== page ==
Logo Design

On the surface, logo design briefs may seem simple, but they are anything but! There are a thousand things to consider when working with a designer, and you forget to mention one simple thing? The end result could be COMPLETELY different from what you’d expect, and you want to avoid these problems at all costs, trust me!

A logo design brief is best described as a document that states the goals, target audience, and key message of a logo design project. It guides the designer, helping them understand the client’s vision and create a logo that meets their needs.

Exceptional logo designs do not come about by accident. They are the result of constant trial and error. From creating a strategy with your designer, exploring different options, and trying and failing, there’s no end to the hurdles one must face before receiving a satisfactory result that they deem exceptional.

A client will most likely have a specific idea for how they want their logo to be designed, which the designer will have to cater to.

Key Elements of What a Logo Design Brief Might Include:

Logo Design Brief Checklist

There are some crucial elements that you should keep in mind that a logo design brief should include. By incorporating these elements, your design is bound to come out the way you envisioned it.

  •  Company or organization name:

This helps the designer understand who the logo is for. The designer may recognize your company and already be familiar with your work which will speed things up and help significantly.

  • Industry or field:

This gives the designer an idea of the context in which your logo will be used. For example, if the industry pertains to confectionaries such as cupcakes etc., the designer will be able to make a design based on this.

  • Target audience:

Understanding who the logo is intended for is important for creating a design that will appeal to them. If the designer doesn’t have a good idea of your target audience, the logo may not resonate with you.

  • Key message:

What is the main message or feeling that the logo should convey? This could be something like “modern and innovative” or “trusted and reliable.” Brand messaging is a crucial part of understanding the brand as a whole.

  • Existing branding:

If you already have an existing brand, the designer should be aware of it and consider how the new logo will fit in with your existing branding.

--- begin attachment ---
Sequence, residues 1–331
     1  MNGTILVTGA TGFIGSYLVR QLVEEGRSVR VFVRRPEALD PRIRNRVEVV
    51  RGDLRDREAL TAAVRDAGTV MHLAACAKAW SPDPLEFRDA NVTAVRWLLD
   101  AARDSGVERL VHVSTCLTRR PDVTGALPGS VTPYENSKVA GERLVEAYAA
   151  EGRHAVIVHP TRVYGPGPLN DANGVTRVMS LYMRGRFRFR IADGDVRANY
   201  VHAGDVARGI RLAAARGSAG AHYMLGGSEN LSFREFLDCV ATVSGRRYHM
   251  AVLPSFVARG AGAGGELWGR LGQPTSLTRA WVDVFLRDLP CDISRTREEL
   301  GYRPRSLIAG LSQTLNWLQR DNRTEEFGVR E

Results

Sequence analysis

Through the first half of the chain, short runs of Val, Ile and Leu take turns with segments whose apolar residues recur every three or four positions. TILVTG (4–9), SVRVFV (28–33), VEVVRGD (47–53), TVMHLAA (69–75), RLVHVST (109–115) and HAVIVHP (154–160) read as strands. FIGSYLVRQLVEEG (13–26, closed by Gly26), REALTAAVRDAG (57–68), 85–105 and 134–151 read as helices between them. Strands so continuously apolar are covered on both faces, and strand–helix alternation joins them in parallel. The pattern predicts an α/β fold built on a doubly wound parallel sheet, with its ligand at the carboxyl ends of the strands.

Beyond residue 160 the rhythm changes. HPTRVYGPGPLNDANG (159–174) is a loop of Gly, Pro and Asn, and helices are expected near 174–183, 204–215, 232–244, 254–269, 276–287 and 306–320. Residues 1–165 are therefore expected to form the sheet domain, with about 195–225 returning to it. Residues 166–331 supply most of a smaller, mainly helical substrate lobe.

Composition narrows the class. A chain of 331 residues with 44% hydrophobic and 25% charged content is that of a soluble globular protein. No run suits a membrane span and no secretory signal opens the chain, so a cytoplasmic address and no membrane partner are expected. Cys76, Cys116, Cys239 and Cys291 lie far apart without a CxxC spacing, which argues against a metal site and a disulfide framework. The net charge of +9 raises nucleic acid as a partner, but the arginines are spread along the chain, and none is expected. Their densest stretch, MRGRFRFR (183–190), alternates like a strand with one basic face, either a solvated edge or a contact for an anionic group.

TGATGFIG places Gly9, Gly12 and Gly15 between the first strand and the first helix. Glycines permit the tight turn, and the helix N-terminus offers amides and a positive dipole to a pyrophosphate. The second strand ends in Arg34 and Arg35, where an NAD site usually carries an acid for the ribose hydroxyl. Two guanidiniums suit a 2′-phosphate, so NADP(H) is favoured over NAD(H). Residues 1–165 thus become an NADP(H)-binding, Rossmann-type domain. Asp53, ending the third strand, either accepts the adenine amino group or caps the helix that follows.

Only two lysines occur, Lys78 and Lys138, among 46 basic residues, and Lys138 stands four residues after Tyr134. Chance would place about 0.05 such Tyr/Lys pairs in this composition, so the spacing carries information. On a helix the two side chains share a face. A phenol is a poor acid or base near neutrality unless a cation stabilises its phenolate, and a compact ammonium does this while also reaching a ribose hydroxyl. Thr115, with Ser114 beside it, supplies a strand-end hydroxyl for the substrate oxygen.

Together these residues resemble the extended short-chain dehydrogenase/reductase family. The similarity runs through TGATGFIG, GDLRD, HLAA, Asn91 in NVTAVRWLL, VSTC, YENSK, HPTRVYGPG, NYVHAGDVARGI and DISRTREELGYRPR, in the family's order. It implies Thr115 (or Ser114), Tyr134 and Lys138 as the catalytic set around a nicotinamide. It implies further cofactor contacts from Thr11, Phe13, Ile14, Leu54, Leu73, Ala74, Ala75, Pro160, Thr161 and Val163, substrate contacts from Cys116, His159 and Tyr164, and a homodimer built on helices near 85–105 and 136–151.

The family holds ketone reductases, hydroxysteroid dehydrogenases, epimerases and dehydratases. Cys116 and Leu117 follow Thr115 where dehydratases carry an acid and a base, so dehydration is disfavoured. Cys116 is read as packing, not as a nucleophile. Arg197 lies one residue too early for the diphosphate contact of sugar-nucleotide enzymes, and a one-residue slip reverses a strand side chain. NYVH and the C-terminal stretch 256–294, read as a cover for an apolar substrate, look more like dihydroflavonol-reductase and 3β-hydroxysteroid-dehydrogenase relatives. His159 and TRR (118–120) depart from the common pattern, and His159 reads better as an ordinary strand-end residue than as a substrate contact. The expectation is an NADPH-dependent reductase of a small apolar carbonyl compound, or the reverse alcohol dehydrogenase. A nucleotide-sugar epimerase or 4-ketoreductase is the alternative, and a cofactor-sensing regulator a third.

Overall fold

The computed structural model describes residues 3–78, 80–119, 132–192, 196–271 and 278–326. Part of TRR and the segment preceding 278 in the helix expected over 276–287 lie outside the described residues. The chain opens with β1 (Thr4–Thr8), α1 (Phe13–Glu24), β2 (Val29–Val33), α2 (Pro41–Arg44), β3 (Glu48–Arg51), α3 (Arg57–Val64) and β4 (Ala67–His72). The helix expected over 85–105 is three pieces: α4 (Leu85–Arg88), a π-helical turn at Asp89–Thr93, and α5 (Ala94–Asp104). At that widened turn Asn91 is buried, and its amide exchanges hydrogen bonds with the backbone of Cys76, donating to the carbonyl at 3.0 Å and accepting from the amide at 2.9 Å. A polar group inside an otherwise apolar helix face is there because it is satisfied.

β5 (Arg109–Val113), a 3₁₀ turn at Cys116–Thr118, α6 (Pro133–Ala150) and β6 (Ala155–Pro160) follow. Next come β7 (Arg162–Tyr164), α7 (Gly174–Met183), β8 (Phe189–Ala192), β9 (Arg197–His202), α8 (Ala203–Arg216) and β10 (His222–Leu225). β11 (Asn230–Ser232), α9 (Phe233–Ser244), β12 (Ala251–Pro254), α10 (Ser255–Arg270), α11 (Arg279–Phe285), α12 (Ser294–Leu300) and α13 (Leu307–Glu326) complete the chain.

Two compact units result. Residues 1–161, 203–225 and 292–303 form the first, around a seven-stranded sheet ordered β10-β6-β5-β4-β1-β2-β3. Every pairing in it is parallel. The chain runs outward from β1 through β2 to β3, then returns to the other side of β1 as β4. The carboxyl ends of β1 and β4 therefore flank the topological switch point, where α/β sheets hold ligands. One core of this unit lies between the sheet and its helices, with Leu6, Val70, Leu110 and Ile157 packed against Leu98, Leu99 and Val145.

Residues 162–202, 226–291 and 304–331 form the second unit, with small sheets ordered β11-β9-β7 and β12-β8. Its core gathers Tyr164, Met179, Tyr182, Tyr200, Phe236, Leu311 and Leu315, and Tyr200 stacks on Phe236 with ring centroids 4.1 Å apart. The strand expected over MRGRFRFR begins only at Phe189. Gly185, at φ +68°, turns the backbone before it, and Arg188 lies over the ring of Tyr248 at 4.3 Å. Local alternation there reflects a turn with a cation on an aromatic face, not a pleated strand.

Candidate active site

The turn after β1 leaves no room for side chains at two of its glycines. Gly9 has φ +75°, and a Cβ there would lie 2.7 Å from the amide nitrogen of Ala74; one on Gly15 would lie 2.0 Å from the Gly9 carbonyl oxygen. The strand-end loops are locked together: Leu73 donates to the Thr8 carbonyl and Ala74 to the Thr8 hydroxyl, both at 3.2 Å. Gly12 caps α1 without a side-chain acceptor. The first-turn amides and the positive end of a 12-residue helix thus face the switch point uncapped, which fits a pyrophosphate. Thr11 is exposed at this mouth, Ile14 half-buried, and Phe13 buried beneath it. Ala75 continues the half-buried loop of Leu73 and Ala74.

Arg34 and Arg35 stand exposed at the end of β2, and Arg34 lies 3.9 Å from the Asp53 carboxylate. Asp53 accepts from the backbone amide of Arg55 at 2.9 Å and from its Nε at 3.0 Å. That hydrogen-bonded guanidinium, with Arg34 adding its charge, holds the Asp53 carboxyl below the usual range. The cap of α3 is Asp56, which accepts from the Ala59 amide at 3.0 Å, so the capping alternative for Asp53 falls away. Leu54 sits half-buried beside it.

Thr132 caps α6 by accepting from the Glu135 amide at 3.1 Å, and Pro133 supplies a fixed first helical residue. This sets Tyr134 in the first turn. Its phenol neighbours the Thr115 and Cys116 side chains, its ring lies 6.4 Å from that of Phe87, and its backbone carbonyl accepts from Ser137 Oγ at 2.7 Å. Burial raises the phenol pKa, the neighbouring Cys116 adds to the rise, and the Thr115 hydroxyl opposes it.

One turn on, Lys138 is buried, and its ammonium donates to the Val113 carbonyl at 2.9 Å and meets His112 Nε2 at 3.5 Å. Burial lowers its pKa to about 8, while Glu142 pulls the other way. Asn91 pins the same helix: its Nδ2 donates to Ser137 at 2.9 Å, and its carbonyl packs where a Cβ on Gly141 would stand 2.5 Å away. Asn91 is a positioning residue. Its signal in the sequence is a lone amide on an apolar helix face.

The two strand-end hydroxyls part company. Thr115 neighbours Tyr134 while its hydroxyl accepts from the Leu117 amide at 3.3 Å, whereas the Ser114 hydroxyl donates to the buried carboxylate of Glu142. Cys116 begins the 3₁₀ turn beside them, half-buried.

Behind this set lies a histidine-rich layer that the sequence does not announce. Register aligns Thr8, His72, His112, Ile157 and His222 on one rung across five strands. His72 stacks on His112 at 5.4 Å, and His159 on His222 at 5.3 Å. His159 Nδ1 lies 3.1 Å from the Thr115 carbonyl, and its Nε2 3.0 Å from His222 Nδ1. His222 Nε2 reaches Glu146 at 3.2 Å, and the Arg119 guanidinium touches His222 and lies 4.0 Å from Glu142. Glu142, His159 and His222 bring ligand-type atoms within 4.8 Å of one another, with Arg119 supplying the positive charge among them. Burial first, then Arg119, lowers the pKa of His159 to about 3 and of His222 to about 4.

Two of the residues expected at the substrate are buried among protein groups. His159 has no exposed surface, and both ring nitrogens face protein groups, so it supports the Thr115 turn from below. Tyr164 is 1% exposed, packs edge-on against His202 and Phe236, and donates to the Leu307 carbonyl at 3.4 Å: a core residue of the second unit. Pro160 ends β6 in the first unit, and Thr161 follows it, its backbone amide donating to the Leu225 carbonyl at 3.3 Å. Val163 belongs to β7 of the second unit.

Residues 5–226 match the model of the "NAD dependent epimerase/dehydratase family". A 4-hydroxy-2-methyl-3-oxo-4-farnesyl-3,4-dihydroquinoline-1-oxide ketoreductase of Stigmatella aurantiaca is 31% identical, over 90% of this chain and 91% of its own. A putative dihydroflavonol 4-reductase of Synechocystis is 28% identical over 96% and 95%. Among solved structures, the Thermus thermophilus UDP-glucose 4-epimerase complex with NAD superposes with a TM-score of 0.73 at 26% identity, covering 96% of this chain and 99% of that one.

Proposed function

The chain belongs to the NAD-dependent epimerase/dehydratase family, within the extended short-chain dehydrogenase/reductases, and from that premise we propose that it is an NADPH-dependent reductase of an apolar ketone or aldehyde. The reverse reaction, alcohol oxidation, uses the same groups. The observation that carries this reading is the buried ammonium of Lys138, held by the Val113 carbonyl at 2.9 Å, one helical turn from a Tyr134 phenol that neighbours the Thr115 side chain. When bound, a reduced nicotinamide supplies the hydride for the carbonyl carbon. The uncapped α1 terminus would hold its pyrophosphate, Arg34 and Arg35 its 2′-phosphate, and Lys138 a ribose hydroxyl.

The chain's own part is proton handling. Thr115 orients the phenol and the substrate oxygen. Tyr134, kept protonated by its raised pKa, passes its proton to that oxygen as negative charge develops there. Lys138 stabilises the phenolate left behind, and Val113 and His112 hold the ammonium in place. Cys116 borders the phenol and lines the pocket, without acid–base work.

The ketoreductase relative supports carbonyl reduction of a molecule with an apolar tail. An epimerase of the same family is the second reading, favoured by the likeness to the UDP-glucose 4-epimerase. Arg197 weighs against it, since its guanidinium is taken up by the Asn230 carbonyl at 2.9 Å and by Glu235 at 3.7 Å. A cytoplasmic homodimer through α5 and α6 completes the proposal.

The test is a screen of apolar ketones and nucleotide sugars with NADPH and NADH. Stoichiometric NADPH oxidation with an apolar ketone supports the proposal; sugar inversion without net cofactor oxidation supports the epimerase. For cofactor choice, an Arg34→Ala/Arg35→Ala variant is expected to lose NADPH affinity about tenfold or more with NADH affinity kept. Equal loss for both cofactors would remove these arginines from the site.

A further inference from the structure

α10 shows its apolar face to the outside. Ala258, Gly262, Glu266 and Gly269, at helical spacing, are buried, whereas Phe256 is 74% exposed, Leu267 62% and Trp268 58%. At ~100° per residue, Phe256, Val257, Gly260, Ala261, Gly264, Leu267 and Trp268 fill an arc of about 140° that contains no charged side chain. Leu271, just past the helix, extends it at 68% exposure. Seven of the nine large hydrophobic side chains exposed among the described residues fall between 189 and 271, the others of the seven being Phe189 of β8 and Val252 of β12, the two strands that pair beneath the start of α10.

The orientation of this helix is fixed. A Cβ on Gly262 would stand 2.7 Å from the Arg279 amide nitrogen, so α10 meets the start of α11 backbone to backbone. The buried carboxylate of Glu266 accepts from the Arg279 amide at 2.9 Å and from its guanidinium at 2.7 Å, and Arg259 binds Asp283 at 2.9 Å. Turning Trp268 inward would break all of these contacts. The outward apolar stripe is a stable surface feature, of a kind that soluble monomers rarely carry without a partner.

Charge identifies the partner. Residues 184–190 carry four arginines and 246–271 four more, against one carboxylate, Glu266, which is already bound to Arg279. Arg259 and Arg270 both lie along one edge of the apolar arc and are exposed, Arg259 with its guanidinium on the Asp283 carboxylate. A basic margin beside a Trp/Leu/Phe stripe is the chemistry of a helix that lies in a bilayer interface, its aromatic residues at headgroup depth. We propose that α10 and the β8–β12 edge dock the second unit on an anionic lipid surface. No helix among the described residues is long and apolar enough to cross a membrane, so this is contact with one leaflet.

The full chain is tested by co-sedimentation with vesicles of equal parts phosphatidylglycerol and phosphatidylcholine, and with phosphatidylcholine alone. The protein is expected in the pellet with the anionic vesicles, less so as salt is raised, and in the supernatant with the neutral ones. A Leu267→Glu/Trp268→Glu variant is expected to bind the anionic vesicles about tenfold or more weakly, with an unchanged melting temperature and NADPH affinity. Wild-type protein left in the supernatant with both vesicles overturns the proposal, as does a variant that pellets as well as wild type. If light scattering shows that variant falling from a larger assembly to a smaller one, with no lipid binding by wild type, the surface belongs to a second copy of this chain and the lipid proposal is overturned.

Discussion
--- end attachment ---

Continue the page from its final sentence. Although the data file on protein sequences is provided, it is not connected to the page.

• Design preferences:

You may have specific design preferences or dislikes, such as preferred colors, fonts, or style. Be specific to your designer and give details of what your design preferences are.

  • Usage:

 How will your logo be used? Will it be used on your website, business cards, social media, etc.? The designer should consider how the logo will be used when creating it, or else you’ll end up with a logo that doesn’t represent your business in the least.

What to Consider When Making a Logo Design Brief

Logo Design Brief 1

There are a couple of things to keep in mind when crafting a logo design brief, such as the skill level of the designer you’re hiring, their experience, their expected pay, the lengths their creativity will see your design go as compared to where you want to see it go and whether their creative ingenuity trumps yours and whether they’re able to create a design which far exceeds your expectations, or if they make a subpar design which is unusable for your brand.

Regardless there is much to consider beforehand. A solid, concrete plan is imperative and will decide how successful the end result is. Do you have a good vision of what you want the logo to look like? Do you not have any idea and want to leave it to your designer’s creativity? These factors should be considered when making your plan and design brief as they indicate how much control you want to have in shaping the design.

Important Considerations to Make for Clarity;

 Understanding a logo design brief is no easy task, as numerous factors must be considered (My head is spinning just thinking about it). What designers dread the most are detailed logo design briefs that are too specific to allow them to utilize their creativity on a project

  • Brand identity

Ensure that your brand identity is fully and clearly represented.  This is important as it helps the designer better grasp the brand values they would convey through the logo.

  • The color palette is extremely important.